Nonsense. Susie's just being ridiculous now.
"Oh, stop torturing the poor girl," Nate says loudly, and Parker snorts, collapsing in a fit of giggles. Hardison's still pretending like he's got no idea what's going on as Susie finally draws up next to the table.
"So," she manages, emboldened momentarily by the evident support. "We've had this, ah. pool, going, for a while here." She turns to Sophie. "And Carrie, the bartender, she says that you've won."
"What was the bet?" Old Nate asks.
"Yes," Hardison echoes. "Please. Do tell us about this betting pool that you've been running out of here without any of our knowledge. For the past nine years."
Okay, even Eliot's cracking up. Susie's face is burning, but it's okay. She's not going to get her ass canned over this. Maybe just teased mercilessly for the next hundred years.
"It might've been that people were curious about the, ah..." Actually saying this out loud is suddenly impossible.
Carrie, over by the bar- she hadn't even noticed her cutting the music- helps her out. "Exact nature of the relationship between our three beloved employers!"
"Oh." Parker frowns in confusion, and she doesn't even look like she's feigning it. "You mean us?"
Hardison nods. "And what did you find out?"
Sophie just reaches her hands out for the jar. Old Nate just rolls his eyes. "Sophie, were you really running a long con on them?"
"A girl's got to find her fun somehow."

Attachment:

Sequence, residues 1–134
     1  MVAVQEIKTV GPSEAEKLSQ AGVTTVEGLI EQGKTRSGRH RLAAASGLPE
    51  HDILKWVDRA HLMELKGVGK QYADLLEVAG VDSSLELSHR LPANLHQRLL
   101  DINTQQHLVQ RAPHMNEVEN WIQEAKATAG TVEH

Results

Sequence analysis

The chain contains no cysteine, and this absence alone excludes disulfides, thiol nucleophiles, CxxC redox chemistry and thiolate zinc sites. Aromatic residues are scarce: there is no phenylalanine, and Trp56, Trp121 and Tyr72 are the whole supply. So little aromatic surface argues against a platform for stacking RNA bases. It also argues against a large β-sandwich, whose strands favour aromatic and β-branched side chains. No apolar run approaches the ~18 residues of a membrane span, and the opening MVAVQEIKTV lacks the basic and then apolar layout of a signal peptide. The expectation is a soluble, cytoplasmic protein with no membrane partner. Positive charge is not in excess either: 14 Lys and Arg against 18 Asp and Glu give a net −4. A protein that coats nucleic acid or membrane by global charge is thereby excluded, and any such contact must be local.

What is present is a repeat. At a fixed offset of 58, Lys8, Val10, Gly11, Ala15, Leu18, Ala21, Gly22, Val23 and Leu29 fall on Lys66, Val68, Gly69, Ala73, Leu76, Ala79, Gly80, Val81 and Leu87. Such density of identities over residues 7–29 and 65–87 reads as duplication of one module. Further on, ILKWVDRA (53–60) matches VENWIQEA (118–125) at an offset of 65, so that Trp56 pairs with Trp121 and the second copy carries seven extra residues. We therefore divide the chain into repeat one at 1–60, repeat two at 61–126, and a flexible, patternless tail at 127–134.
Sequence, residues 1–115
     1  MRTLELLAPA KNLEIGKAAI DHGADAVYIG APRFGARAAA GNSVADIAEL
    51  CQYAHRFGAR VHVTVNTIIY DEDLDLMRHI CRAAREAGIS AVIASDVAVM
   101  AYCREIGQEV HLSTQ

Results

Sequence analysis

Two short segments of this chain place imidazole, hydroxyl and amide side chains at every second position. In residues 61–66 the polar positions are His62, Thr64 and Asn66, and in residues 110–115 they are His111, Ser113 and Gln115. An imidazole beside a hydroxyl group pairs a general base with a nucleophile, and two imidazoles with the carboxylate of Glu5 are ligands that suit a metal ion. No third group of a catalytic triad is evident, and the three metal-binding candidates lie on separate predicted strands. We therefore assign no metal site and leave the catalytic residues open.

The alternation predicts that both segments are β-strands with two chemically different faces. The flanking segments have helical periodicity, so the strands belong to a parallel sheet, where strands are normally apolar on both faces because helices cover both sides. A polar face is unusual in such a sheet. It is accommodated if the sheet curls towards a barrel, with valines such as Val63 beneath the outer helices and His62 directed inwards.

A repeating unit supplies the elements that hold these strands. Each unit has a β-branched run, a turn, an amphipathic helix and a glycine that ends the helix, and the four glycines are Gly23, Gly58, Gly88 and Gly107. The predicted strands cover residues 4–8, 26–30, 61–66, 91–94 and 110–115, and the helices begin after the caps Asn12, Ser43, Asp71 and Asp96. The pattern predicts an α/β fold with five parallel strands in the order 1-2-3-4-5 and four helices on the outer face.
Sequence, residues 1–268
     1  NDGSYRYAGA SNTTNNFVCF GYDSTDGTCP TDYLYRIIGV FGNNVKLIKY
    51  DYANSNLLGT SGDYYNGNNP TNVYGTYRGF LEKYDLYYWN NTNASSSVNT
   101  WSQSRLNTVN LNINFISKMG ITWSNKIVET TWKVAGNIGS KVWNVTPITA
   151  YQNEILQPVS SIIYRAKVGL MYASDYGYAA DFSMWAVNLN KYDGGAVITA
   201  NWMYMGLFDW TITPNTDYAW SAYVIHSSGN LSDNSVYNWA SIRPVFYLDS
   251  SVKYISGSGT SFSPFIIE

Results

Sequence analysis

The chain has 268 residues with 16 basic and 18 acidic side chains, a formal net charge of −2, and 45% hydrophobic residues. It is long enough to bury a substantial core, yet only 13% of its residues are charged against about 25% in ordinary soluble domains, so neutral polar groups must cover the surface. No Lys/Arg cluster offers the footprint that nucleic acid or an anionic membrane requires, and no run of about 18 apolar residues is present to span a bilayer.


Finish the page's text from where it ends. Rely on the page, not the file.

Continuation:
"You don't con your own crew," Eliot mutters, but he's shaking his head. Another one of their weird inside jokes.
The brewpub's got an interesting reputation, even by Portland standards, but Susie's pretty sure the current owners are a lot stranger than whatever conmen might've run the joint a decade ago. For three people who'd met in college- wherever that was, whenever that was- they're still awfully close. They're generally friendly with everyone, though Parker can get a little awkward sometimes. Hardison's the least likely to dodge personal questions, but that's not the point. The three of them, they're just weird about each other. All the time.
The regulars have noticed, though it's usually only the mid-afternoon crowd that talks about it, probably because they're the ones most likely to be here before the owners come in for the night shift. It's what Artie and John are talking about right now, and they really dig into the topic once the brunette sipping white wine at the end of the bar joins their conversation. Nobody's ever seen her before, but she'll be remembered as the one who suggested the bet, but hadn't placed one.
There's a clean jar in the back room, and it's easy enough to hide under the till.
The brunette becomes just another rumor about the place, and like the pool, it's probably the kind of thing the owners don't need to know about.
They're going to need a bigger jar, if things keep going like this.
There's a stack of sequential bills shoved into the jar when Carrie opens it, but there isn't a corresponding bet in the book.
She writes the marker out- another one for Eliot and Hardison- on a napkin and slides it across to Steve. Shoves his twenty on top and wonders if anyone's ever going to figure it out.
When Susie's cleaning up table 4 after closing, there are three thousand dollars sitting at the middle of the table, barely weighted down by the jar. Splitting tips at the end of the night has never been so fun.
The next morning, nobody says anything, but Mark puts the jar where it belongs, and by the end of the week, another bet's been placed.
Hardison, Parker, Eliot- they don't hide it as much after closing time, but they don't say shit. They never let on, when the bar's in full swing.
It's easy enough to follow suit. No sense messing up a good con, after all.